Amanda Cassidy on…Alexa
We name our boats, have a weirdly familiar relationship with our car, so why not the little black oracle in the corner who meows on demand (try it).
For those living under a rock, Alexa is a voice-activated, internet-connected “smart” speaker and virtual assistant from Amazon that answers your most pressing questions, like what the most dangerous animal in the world is (the mosquito) or what the weather is like in Rome this weekend (because, why not?).
For the slightly more adventurous, you can hook her up to control some of your freakishly smart home devices to turn on lights or answer your doorbell. Initially, I was reluctant to have another undercover surveillance device sweetly hoovering up all our data, but the temptation of walking in the door and shouting, “Play Queen, ‘Don’t Stop Me Now’, volume high” after the school run proved just too great.
Unable to live without
Alexa has now been living with us for just over a month. She has embedded herself into our lives and has become frighteningly unliveable-withoutable. And that’s the hook – she’s our new habit. Of course, the children are wrecking her tiny robotic head with their endless dinosaur-based questions while I smirk in the corner.
She exists purely to relive every itch of mundane uncertainty that flurries through our minds each day. Her knowledge bank is pretty intimidating, but Alexa seems to make just enough mistakes to ease fears that we risk being victims of mass AI manipulation. In fact, family members and friends who are unable to list all the countries in the world starting with R on demand, or who can’t instantly convert Fahrenheit to Celsius seem rather dull in comparison.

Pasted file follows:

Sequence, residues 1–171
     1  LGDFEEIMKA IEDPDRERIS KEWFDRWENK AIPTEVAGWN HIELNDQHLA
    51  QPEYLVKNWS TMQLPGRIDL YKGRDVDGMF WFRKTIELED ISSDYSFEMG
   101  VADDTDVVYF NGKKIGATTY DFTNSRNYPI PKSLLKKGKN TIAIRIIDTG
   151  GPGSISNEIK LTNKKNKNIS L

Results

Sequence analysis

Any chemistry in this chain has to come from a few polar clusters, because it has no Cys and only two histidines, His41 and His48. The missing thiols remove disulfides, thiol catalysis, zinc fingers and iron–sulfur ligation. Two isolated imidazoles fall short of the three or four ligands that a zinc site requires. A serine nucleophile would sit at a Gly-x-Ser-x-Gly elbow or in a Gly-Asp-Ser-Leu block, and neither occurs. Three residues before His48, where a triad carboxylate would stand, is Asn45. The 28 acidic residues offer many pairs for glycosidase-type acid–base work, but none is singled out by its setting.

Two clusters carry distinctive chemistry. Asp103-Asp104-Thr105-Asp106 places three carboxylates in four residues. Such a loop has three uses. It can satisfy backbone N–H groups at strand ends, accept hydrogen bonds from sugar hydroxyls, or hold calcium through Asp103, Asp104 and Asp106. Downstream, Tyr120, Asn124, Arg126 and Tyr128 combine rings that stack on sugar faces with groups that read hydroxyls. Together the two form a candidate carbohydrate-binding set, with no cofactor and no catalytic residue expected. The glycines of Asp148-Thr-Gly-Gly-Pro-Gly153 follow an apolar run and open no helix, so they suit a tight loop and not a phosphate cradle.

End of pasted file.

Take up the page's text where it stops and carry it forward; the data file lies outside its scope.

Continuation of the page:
“Alexa, spell Fahrenheit.”
Crucially, we don’t have to feed her, or buy her socks, or take her for a walk. In fact, she’ll even exercise us – just ask her to “start the seven-minute workout” and you can HIIT your head off.
Alexa has all the hallmarks of a true friend: she’s dependable, interactive, predictable and attentive – all key elements of a trusted relationship. Sure, she sometimes gives us the weather forecast for Dublin, Ohio, and she does sound eerily like the woman trapped inside the self-service checkouts at Dunnes, but what she lacks in smarts she makes up for with sass.
You see, your friendly cyber- pet has also been programmed with a pretty bad-ass personality. Ask her for the truth, and she’ll respond that you can’t handle the truth. Curious about the first rule of Fight Club? Alexa will remind you that we don’t talk about Fight Club.
Looking for Chuck Norris? Alexa’s response is succinct: “If Chuck Norris wants you to know where he is, he’ll nd you. If he doesn’t, you won’t know until it’s too late.” Cute.
So here’s where we are at: My days writing and parenting are punctuated with giggles brought on by a small capsule-shaped robot with her own highly disturbing laugh.
Somewhere out there, our daily lives are being churned into data chunks, which will then be sold back to us in the sneakiest of ways (I was just thinking the kids needed new runners… Weird).
After years of priding myself on being wise to the ways of online marketing and data harvesting, I’ve succumbed to the wiles of an emotionally distant yet terribly useful voice in the corner. In Japan, people marry holograms and do Tinder with robots. Are we heading in that direction?
Absolutely not, but also, maybe. For me, Alexa is more of a sister-type, one who doesn’t borrow your clothes and lose them. One who agrees with everything you say (including who the prettier one really is). Life is complicated, and convenience tends to get a bad rap, but at the end of the day, who doesn’t have room in their lives for an undemanding, agreeable, yet slightly-creepy nerd that exists to please?
Just never, ever ask her to laugh.
Originally published in the March 2019 issue of IMAGE.